This Act provides for the constitution of an Internal Complaints Committee (8), wherever there are more than 10 employees. This helps the worker to file a complaint immediately after any such instant takes place. The committee must consist of 2 members who have experience in working for causes relating to women, 1 member from an NGO, and half of the committee must have female members in it. The complaint must be filed within 3 months of the commission of the incident and it should be in writing. The whole inquiry must be completed in 90 days after the institution of the complaint. The Delhi High Court in the judgement of Ruchika Singh Chhabra v. M/s Air France India and anr. “Directed that the ICC should be constituted in strict compliance with the requirement under law”. (9)

It must be ensured that the identity of the aggrieved party, respondent, witnesses, reason of the complaint, inquiry and everything is not disclosed. (10) Under the legal system, an individual making a sexual harassment claim under civil law is required to prove that the sexual behavior occurred and that is constituted sex determination, a violation of dignity or a health and safety hazard. The respondent often has no burden of proving the charges, the burden of proof is imposed on the plaintiff. 

Under the legal system, an individual making a sexual harassment claim under civil law is required to prove that the sexual behavior occurred and that is constituted sex determination, a violation of dignity or a health and safety hazard. The respondent often has no burden of proving the charges, the burden of proof is imposed on the plaintiff.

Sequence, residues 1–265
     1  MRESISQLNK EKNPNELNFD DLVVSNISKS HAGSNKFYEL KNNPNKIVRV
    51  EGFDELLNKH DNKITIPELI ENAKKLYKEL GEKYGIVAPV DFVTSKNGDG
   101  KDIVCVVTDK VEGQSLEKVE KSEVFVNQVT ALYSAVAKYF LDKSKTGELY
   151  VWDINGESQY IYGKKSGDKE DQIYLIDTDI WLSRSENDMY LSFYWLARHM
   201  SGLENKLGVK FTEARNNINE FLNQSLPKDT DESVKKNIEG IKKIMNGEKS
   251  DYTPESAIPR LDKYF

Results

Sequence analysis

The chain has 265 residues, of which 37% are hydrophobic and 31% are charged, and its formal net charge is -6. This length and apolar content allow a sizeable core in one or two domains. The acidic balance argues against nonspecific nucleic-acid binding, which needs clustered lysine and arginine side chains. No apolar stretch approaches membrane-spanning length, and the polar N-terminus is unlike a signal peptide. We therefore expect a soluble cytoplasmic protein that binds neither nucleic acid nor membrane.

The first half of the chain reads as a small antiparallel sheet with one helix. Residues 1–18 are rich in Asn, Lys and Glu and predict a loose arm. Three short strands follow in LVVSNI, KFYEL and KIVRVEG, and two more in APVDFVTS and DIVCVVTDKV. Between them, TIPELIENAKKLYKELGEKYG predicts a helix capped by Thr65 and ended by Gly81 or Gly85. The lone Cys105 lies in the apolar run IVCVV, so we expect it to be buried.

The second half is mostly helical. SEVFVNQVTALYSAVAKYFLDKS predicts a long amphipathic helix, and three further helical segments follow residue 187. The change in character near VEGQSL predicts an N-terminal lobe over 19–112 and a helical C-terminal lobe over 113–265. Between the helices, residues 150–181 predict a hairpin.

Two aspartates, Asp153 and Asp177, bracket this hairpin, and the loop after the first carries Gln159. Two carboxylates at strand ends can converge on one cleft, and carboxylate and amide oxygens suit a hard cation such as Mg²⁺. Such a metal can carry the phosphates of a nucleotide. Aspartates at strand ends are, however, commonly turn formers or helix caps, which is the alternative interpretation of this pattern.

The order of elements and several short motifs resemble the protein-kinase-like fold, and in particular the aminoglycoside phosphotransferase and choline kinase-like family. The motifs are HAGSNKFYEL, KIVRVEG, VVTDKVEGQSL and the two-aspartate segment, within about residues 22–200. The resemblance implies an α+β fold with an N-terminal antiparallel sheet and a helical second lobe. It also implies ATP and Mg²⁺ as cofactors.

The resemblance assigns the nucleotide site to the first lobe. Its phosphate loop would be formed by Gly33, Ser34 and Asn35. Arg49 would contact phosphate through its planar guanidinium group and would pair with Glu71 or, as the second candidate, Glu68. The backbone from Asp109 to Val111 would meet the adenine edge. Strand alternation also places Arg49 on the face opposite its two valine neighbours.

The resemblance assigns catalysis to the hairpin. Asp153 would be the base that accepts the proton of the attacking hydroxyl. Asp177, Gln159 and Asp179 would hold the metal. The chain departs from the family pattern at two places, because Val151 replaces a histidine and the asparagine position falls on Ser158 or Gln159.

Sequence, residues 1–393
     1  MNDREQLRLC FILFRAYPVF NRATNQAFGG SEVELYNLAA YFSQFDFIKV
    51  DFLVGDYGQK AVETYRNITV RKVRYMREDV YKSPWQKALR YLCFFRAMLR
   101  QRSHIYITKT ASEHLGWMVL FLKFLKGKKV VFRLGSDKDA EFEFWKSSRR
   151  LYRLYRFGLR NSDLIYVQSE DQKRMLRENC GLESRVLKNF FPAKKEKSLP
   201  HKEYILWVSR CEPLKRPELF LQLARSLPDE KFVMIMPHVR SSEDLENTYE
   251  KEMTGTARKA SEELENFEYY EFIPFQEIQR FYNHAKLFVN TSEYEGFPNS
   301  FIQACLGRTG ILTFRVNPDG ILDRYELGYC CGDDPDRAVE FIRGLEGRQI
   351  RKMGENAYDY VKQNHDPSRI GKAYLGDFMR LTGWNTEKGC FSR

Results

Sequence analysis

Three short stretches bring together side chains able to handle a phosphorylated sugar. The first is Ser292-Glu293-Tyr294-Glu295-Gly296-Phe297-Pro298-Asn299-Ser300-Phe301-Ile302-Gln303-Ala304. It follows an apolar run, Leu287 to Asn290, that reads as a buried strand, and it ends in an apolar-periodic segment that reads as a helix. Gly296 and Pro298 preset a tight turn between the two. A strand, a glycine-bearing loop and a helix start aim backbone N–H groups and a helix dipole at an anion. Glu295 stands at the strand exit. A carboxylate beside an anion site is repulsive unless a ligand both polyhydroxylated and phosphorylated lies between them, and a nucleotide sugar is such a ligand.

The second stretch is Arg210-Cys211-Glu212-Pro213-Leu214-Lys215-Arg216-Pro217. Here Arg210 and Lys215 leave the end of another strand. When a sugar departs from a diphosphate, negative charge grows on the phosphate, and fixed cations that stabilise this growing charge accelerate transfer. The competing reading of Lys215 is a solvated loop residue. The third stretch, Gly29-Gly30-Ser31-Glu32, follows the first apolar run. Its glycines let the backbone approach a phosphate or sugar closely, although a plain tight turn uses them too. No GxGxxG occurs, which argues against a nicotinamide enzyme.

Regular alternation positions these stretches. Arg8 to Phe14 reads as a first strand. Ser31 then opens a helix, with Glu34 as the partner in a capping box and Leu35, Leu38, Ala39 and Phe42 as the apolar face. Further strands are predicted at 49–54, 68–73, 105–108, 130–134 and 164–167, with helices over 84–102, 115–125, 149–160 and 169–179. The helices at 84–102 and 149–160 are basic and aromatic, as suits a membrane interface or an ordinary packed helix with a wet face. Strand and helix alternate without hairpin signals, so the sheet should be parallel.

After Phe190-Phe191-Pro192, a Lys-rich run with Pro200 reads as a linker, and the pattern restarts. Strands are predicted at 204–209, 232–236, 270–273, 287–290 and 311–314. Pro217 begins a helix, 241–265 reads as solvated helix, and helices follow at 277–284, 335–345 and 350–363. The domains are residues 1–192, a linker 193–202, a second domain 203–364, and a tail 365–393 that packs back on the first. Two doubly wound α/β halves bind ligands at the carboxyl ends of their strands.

Major Concerns of the Act

  • Creation of Internal Complaints Committee
  • Sensitization of employees
  • Capacity building
  • Statuary compliance
  • Gender equality at workplace
  • Get rid of hostile environment at work place
  • To protect fundamental rights under Article 14, 15, 19(1)(g) and 21
  • For inclusive growth and social development.

The concept of this article does not give an exhaustive picture of provisions of the Act and Rules and are just a broad overview of the Act, and Rules. The provisions contain several loopholes which can be exploited by the harasser in his favor. Clearly the provisions need more comprehensive to provide a means of justice to those who have been victims and a means of protection for those who could be potential victims. The Act, which should have been highly victim friendly, poses problem for the victim at each and every step. Law should be representative of the societal changes, especially in areas such as Sexual violence and exploitation. The Government needs to take some measures to make the Act more effective in the society.

(1) (1997) 6 SCC 241
(2) Equality Before the Law
(3) Prohibition of discrimination on the grounds of sex, color, birth place etc.
(4) To practice any profession, or to carry on any occupation, trade or business.
(5) Protection of life and personal liberty
(6) Section 2 (n) of the Act
(7) Section 3(2) of the Act
(8) Section 4 of the Act
(9) 2018 SCC Online Del 9340
(10) Section 16 of the Act